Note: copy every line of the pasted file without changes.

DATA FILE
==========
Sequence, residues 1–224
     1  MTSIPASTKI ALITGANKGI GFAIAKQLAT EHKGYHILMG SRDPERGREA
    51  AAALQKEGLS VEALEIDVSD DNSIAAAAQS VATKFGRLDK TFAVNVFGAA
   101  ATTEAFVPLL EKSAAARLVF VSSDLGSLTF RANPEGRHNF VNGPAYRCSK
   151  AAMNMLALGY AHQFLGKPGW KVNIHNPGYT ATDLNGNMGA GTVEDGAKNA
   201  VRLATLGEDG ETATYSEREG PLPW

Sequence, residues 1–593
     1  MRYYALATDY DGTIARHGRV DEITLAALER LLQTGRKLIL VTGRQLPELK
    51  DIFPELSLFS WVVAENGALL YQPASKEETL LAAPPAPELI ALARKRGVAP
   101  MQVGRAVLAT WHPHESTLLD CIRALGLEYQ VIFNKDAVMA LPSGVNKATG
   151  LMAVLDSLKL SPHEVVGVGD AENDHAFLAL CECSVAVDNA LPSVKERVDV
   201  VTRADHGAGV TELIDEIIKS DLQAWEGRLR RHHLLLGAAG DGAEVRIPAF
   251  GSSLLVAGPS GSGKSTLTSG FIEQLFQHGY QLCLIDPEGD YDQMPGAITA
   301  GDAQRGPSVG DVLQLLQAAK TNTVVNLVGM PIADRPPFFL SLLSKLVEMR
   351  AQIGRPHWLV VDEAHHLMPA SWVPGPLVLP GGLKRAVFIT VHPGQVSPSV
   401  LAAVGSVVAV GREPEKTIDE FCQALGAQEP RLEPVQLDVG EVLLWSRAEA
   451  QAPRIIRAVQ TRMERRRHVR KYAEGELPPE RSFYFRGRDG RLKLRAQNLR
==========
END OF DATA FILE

Sequence, residues 1–224
     1  MTSIPASTKI ALITGANKGI GFAIAKQLAT EHKGYHILMG SRDPERGREA
    51  AAALQKEGLS VEALEIDVSD DNSIAAAAQS VATKFGRLDK TFAVNVFGAA
   101  ATTEAFVPLL EKSAAARLVF VSSDLGSLTF RANPEGRHNF VNGPAYRCSK
   151  AAMNMLALGY AHQFLGKPGW KVNIHNPGYT ATDLNGNMGA GTVEDGAKNA
   201  VRLATLGEDG ETATYSEREG PLPW

Sequence, residues 1–593
     1  MRYYALATDY DGTIARHGRV DEITLAALER LLQTGRKLIL VTGRQLPELK
    51  DIFPELSLFS WVVAENGALL YQPASKEETL LAAPPAPELI ALARKRGVAP
   101  MQVGRAVLAT WHPHESTLLD CIRALGLEYQ VIFNKDAVMA LPSGVNKATG
   151  LMAVLDSLKL SPHEVVGVGD AENDHAFLAL CECSVAVDNA LPSVKERVDV
   201  VTRADHGAGV TELIDEIIKS DLQAWEGRLR RHHLLLGAAG DGAEVRIPAF
   251  GSSLLVAGPS GSGKSTLTSG FIEQLFQHGY QLCLIDPEGD YDQMPGAITA
   301  GDAQRGPSVG DVLQLLQAAK TNTVVNLVGM PIADRPPFFL SLLSKLVEMR
   351  AQIGRPHWLV VDEAHHLMPA SWVPGPLVLP GGLKRAVFIT VHPGQVSPSV
   401  LAAVGSVVAV GREPEKTIDE FCQALGAQEP RLEPVQLDVG EVLLWSRAEA
   451  QAPRIIRAVQ TRMERRRHVR KYAEGELPPE RSFYFRGRDG RLKLRAQNLR